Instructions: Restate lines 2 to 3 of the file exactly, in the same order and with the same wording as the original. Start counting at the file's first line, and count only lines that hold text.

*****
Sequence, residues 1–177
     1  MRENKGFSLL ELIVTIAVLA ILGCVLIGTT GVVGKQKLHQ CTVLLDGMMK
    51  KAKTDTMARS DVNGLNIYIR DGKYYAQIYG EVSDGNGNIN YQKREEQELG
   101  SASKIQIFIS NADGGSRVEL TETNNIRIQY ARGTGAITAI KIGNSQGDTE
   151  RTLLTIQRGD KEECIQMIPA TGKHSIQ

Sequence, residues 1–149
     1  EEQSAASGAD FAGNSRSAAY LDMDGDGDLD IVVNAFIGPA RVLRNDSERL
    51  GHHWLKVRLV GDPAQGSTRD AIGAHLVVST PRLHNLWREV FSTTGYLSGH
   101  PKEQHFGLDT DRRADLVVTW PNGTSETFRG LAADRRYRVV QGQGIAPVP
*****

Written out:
     1  MRENKGFSLL ELIVTIAVLA ILGCVLIGTT GVVGKQKLHQ CTVLLDGMMK
    51  KAKTDTMARS DVNGLNIYIR DGKYYAQIYG EVSDGNGNIN YQKREEQELG